Helston an ancient market town, was first granted its
charter in 1201. Two main streets intersect the town and the widest,
Coinagehall Street, was described by John Betjeman as "It
takes a beautiful curve like the Oxford "High" and is well
terminated at either end."
Helston was one of the ancient coinage towns where tin
ingots were assayed and stamped to assess the duty to be paid to the
Duke of Cornwall. During this process a corner or "coign"
was cut off to be assayed for quality.
In early times Helston was a thriving port at the head
of the Cober estuary but from the 13th C onwards, the estuary began
to silt up and a great shingle bank "The Loe Bar" was
formed at the mouth of the estuary making the largest freshwater lake
in Cornwall. The estates round this lake are part owned by The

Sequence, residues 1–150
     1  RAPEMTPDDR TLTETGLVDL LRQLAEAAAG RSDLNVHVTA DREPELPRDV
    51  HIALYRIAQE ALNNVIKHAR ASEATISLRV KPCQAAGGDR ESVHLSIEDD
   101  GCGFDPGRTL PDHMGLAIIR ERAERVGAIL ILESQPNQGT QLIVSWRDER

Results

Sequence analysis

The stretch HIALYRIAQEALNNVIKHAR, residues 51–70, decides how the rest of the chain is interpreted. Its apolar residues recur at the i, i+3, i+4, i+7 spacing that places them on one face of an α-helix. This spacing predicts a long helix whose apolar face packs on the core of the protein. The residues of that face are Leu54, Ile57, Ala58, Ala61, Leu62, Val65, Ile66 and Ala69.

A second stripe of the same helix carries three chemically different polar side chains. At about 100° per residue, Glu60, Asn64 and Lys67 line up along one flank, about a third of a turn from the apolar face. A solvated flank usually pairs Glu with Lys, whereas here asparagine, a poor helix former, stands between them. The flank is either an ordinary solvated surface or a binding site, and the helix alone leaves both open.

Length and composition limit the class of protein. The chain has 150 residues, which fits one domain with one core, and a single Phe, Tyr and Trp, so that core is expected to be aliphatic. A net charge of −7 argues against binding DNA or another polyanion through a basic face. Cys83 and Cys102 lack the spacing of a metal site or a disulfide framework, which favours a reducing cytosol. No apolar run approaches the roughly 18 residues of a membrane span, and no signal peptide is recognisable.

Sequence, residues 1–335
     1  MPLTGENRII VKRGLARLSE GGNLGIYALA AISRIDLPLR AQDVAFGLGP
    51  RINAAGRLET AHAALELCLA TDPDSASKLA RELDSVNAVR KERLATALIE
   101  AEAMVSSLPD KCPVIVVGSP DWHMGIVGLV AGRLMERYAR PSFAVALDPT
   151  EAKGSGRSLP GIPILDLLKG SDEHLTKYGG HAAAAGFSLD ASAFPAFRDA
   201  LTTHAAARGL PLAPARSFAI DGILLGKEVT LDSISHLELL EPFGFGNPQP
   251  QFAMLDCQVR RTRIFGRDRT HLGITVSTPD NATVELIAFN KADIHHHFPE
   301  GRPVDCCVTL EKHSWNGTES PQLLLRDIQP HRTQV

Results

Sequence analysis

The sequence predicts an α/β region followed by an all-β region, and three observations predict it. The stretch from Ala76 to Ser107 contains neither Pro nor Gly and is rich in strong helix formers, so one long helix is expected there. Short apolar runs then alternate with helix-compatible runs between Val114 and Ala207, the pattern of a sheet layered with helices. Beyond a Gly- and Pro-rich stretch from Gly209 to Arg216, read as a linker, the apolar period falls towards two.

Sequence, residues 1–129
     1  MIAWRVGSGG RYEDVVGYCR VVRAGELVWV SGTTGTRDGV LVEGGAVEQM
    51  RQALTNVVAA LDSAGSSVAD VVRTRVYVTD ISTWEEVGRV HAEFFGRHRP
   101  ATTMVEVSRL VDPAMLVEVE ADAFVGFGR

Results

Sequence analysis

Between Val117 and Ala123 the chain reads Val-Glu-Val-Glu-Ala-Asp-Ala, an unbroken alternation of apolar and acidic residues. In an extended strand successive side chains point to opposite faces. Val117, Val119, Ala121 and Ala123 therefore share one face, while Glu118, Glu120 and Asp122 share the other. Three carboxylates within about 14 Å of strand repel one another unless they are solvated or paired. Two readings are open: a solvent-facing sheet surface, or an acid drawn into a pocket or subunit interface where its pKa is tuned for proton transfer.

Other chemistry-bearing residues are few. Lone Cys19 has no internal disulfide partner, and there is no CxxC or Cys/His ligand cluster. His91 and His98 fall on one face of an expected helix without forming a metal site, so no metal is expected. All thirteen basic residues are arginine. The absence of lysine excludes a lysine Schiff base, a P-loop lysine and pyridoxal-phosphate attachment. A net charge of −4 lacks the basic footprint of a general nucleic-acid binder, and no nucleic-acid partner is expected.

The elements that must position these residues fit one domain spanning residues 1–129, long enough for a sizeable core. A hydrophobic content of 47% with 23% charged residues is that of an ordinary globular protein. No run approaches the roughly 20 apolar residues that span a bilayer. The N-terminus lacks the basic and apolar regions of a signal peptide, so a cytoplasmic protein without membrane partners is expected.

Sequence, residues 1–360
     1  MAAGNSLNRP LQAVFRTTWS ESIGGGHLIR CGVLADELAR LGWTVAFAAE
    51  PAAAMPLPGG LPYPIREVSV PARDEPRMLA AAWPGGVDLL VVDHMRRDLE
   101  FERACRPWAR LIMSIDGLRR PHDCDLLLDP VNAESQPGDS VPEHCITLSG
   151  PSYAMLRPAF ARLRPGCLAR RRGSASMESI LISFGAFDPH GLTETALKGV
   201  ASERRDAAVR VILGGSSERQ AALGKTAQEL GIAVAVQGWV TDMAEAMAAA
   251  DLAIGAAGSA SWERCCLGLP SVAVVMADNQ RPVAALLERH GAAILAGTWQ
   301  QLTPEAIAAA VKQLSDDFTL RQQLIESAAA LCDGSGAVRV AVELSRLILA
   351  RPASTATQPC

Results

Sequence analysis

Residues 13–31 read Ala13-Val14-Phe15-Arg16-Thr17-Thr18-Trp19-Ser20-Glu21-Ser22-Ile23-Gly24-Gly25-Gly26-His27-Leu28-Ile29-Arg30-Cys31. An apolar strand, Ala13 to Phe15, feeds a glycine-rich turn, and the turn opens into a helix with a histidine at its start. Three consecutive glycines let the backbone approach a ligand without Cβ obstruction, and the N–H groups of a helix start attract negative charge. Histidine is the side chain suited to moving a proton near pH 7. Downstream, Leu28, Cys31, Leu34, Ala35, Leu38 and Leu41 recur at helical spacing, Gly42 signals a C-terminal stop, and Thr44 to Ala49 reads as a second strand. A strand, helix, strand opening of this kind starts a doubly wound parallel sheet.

National Trust and there are delightful walks to be taken in this area.
Helston Folk Museum stands behind the Guildhall and
has an interesting collection ranging from Bronze Age artifacts to
fire engines. Admission is free and it is well worth a visit.
A charming feature of the town are it's Kennels. These
are streams running down either side of Wendron Street, Church Street
and Coinagehall Street. In earlier time these kept the gutters clean
but today only add to the charm of Helston.
The streets are lined with many interesting shops
including a Cornish Book Shop specializing in all things Cornish
including the Cornish Language. Local bakeries abound and the smell
of fresh baked pasties tempt all who pass. Parking is easy and only a
few yards from the shopping area.
At the bottom of the town is Coronation Park complete
with children's play area, boating lake, ducks and swans.
Two miles southwest of the town stands RNAS Culdrose,
the largest helicopter base in Europe. An Air Day is held each year
in July and a public wiewing area is open all year.